You jumped on the bandwagon and are now either making homemade wheat bread or homemade sourdough bread. Then you realized that soft texture is only good for a few days with no preservatives or dough enhancers. You want to be frugal and not waste your new healthy hobby, so what to do? This post will give you some helpful tips on what to do with old bread that I’ve learned over my almost two decades of bread making.
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Plan Ahead When Making Bread
It’s important to know how many people in your family will be eating bread, and how much bread you consume. Both of my recipes I’ve shared make two loaves. Even when we were a family of five, I would freeze one loaf as it would take us about 3 days to go through a loaf. Plan ahead and know that bread freezes well in all forms (like the ideas I give below). It may serve you well to go ahead and slice up a whole loaf and freeze the individual pieces if you don’t eat much bread. Alternatively, you could cut a loaf in half and leave out half and freeze the other half.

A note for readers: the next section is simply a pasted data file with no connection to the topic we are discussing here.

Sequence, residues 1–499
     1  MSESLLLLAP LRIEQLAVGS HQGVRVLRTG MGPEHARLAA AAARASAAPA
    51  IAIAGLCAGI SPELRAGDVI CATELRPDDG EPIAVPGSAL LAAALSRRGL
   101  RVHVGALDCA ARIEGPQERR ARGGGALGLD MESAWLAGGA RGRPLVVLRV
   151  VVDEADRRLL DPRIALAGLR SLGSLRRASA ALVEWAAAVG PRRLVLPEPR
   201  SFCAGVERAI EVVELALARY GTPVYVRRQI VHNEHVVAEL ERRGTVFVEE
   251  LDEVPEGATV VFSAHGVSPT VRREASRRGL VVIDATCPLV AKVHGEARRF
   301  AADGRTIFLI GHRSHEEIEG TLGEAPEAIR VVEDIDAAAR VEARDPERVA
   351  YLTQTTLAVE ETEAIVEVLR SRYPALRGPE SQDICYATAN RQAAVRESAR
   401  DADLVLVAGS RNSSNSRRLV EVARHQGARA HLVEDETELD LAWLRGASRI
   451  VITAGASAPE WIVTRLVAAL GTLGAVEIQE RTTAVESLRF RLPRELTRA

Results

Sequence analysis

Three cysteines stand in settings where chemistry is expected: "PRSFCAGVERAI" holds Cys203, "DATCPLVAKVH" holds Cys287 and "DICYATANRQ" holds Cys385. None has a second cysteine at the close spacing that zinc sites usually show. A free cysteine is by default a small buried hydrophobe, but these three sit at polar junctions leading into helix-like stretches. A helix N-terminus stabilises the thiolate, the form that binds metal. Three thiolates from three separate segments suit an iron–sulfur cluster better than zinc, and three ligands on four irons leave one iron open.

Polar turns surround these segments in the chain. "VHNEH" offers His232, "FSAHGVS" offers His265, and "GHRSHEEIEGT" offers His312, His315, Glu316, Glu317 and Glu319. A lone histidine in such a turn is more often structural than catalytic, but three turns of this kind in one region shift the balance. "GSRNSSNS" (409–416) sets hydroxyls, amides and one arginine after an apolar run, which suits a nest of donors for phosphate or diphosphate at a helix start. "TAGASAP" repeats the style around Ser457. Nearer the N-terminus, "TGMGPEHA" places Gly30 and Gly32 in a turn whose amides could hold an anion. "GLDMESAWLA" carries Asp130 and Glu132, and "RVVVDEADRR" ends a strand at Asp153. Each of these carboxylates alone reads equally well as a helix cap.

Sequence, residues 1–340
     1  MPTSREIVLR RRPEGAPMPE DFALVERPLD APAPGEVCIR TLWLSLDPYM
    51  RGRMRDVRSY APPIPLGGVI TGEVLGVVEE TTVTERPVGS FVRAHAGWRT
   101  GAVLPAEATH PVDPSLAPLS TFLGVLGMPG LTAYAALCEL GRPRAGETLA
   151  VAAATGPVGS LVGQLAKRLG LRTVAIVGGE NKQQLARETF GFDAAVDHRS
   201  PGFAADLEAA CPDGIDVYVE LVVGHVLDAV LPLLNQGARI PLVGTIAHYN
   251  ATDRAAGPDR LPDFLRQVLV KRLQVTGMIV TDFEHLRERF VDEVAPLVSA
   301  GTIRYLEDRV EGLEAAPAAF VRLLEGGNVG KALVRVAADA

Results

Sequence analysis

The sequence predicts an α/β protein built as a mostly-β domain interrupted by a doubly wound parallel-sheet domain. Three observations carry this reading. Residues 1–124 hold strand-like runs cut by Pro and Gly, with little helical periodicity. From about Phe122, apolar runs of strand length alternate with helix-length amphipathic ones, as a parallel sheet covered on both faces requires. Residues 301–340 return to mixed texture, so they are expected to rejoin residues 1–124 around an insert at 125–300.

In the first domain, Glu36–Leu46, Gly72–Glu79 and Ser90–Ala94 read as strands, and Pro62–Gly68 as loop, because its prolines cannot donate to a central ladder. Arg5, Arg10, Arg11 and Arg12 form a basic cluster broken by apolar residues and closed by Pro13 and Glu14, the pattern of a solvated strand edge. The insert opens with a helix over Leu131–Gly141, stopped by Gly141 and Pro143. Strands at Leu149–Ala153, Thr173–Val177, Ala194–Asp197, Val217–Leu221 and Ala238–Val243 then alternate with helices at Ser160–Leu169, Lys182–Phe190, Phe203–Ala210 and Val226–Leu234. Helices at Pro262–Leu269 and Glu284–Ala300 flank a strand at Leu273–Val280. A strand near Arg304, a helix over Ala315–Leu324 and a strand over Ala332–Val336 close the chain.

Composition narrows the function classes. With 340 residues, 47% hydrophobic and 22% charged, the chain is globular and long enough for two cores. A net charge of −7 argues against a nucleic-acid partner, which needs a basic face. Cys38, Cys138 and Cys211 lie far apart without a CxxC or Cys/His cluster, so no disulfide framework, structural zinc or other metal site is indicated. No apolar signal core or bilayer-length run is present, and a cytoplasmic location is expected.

How to Freshen Stale Bread
On day four, you will need to resort to my tips in this post as your once soft bread will become pretty dry. The easiest fix is a quick pop in the microwave. Slice the number of slices needed, place them on a damp paper towel, and microwave for 3 seconds per slice. You don’t want it hot, just barely warm. This will soften up the bread so you can use for sandwiches.
A fun sandwich idea we like to do with leftover bread is to do an open-faced melt. We do regular cheese toast, but also tuna melts, lunch meat melts, or even hummus melts! Place your topping of choice on a piece of bread, cover with a slice of cheese, then toast in a toaster oven for five minutes. Since you are actually toasting the bread (in addition to melting the cheese), this option doesn’t require soft bread and turns out perfect!
Make Homemade Croutons